To overcome these obstacles and limitations in our current techniques for genetic analysis of Histoplasma, we have developed a procedure for isolating chromosomally-located gene mutants without reliance on homologous recombination. We employed random mutagenesis to create collections of mutants. One approach to identify the desired gene disruption would be to characterize the mutation of each isolate in the collection of random mutants. However, this requires many resources, substantial time and effort, and thus is not well suited for studies targeting a particular gene. In forward genetics, random mutagenesis is successful because the desired mutant can be typically isolated or identified out of the much larger collection of mutants by growth phenotype or morphological changes. In reverse genetics, the mutant phenotype is the very aspect under investigation and thus mutants can not be identified by predicted changes. To enable reverse genetics following random mutagenesis in Histoplasma, we adapted PCR-based procedures employed for large scale screening in Arabidopsis and C. elegans [28–30]. We optimized a mutant pooling strategy and utilized PCR to efficiently identify mutant pools which contain the strain with the disrupted gene. To extract the strain with the targeted mutation, the pool is subsequently subdivided and individual clones addressed and screened by PCR. We demonstrate the effectiveness of this method by employing it to isolate a cbp1 mutant in the NAm 2 Histoplasma strain background.
Results and Discussion
Insertion mutant screening
Optimization of pool size for reliable detection of targeted mutations
As the successful isolation of a mutant in a targeted gene depends critically on the ability to identify a positive individual among a much larger population, we determined the PCR detection limit for different pool sizes. Histoplasma strain OSU4 harbors a T-DNA insertion in the AGS1 gene in which the T-DNA right border is oriented towards the 3' end of the AGS1 gene. Performance of PCR using a right border T-DNA primer and an AGS1 gene-specific primer produces a PCR amplicon of 1242 bp. To estimate the detection limit afforded by PCR in which a single strain could be found among a population of 200, 800, or 3200 mutants, 50 ng of nucleic acid purified from OSU 4 were diluted 1:200, 1:800, and 1:3200 with TE buffer and PCR performed on these templates with RB3 and AGS1-50 primers. With 30 cycles, PCR could consistently detect the OSU4 template when diluted as much as 1:800 (Figure 1B). To better approximate the condition where the desired mutant would be present among a much larger population of other T-DNA insertions, we mixed OSU4 with a pool of random T-DNA insertion mutants at a OSU4 yeast-to-mutant pool ratio of 1:200, 1:800, and 1:3200. Nucleic acids were purified from each pool and PCR was performed as before with 50 ng of total nucleic acid as templates. The positive 1242 bp amplicon was detected when OSU4 was present in as little as 1/800th of the total population of yeast (Figure 1B). A faint band representing the ags1::T-DNA PCR product was observed when OSU4 constituted 1/3200th of the template. No ags1::T-DNA PCR product was detected in templates prepared from the mutant pool alone or wild-type Histoplasma. A smaller PCR amplicon which is not specific to the ags1::T-DNA template was detected in all reactions derived from the random insertion mutant pool.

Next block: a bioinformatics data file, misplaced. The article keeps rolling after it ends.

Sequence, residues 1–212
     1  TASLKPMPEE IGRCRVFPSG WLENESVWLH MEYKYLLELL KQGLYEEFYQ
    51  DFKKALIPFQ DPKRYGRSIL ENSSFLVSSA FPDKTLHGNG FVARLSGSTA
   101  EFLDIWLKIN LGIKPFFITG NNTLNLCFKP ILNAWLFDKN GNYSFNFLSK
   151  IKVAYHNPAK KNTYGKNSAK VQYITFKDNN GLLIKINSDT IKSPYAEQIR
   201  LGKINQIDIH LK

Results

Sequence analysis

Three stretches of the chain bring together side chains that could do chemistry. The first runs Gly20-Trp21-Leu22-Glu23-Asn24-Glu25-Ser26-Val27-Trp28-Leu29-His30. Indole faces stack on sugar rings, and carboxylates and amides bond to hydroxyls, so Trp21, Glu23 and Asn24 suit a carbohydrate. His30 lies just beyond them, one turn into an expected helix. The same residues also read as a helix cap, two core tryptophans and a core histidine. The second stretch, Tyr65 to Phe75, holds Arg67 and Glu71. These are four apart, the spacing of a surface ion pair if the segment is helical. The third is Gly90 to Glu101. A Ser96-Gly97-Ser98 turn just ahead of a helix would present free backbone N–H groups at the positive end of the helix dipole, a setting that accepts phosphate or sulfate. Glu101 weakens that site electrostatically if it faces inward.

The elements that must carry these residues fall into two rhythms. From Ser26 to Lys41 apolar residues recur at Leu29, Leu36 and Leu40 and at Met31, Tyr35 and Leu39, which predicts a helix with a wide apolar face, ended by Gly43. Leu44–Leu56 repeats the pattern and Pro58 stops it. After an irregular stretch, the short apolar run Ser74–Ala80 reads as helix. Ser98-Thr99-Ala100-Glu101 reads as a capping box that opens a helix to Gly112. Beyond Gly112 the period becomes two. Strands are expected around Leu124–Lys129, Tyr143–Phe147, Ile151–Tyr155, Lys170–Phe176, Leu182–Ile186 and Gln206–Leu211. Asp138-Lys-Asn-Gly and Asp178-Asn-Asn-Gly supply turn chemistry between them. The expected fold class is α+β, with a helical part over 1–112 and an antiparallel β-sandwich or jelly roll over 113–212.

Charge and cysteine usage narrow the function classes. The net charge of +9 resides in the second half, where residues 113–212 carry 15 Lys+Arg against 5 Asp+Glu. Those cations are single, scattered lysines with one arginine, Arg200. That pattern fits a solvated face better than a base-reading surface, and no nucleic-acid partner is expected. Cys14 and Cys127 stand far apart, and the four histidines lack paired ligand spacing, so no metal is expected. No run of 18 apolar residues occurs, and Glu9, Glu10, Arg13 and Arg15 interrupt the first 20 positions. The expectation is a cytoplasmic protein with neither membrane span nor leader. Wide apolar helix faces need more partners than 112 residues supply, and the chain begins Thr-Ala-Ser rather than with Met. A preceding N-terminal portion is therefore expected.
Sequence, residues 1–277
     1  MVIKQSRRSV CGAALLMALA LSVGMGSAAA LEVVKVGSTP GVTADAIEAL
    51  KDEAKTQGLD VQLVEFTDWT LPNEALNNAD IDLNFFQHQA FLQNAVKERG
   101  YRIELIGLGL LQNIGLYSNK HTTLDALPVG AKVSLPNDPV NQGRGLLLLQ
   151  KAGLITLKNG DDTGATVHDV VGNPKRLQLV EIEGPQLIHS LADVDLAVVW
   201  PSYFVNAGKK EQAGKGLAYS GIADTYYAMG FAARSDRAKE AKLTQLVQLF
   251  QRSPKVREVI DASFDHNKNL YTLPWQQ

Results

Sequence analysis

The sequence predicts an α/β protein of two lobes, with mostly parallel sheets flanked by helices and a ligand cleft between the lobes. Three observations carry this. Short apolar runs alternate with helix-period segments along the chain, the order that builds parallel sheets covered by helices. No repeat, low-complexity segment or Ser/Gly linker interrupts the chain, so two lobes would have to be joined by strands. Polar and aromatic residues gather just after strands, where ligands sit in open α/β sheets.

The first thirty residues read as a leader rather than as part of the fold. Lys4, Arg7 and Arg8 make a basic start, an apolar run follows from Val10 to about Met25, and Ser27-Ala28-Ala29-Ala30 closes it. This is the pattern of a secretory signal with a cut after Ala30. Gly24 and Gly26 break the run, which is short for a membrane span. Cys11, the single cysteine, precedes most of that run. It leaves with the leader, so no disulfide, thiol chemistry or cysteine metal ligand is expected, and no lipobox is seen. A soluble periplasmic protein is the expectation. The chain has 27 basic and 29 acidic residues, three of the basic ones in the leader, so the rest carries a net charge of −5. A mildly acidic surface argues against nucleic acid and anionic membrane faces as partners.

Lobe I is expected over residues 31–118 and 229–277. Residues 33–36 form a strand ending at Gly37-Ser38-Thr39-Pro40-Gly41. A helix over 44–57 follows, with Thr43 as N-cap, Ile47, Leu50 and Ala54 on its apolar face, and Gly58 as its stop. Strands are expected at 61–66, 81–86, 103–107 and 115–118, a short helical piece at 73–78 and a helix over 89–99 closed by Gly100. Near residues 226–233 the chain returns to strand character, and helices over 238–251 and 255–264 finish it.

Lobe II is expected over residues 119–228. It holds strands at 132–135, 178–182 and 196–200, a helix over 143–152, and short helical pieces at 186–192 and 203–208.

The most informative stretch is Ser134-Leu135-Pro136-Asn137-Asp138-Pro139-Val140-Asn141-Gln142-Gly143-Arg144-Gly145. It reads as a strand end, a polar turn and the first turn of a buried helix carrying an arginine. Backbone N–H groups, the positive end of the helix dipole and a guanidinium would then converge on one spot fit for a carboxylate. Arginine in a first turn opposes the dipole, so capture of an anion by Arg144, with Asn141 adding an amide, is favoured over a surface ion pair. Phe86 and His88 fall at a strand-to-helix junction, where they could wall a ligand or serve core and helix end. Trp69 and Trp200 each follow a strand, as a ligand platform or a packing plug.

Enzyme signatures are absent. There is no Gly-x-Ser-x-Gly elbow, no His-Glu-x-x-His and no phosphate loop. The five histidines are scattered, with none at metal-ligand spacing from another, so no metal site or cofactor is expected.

Nested PCR to reduce false-positives
To discriminate between true- and false-positive PCR products, we employed a secondary PCR reaction using a set of nested primers. Nested primers that do not overlap with the primary PCR primers were designed for both the T-DNA anchor and the AGS1 gene. Primary PCR reactions in which OSU4 represented 1/200th or 1/800th of the population were used as templates after 1:1000, 1:10,000, and 1:100,000 dilution in H2O. As shown in Figure 1C, this process eliminated the false-positive band observed in the primary PCR reactions. The ags1::T-DNA specific amplicon could be detected after either 1:1000 or 1:10,000 dilution of the primary PCR reaction. No ags1::T-DNA amplicon was produced when OSU4 was absent in the primary reaction template DNA. These data demonstrate that PCR can be an efficient screening technique to probe mutant pools for a clone in which a T-DNA element has inserted into a target gene. We selected a target pool size of approximately 200 insertion mutants as a balance between increased throughput afforded by larger pools but easier subdivision of smaller pools into individual clones to recover the detected mutant strain (see below).
Establishment of a bank of insertion mutants
Optimization of freezing conditions
Generation of mutant pools
Insertion mutants were generated in the NAm 2 Histoplasma strain WU15 by co-cultivation of Agrobacterium tumefaciens and Histoplasma yeast cells. Co-cultures were plated onto filters and Histoplasma transformants selected by transferring filters to medium containing hygromycin to which resistance is provided by sequences within the T-DNA element . Transformant yeast cells were collected and suspensions from individual plates combined to create pools derived from 100 to 200 independent mutant colonies. Yeast cell suspensions were diluted into fresh medium and allowed to grow for 24-48 hours. Twenty-four pools were prepared representing roughly 4000 insertion mutants. A portion of each culture was reserved for nucleic acid isolation and the remainder frozen in aliquots and stored at -80°C. Nucleic acids were purified from each pool, diluted to 50 ng/ul, and stored at -20°C until analysis by PCR.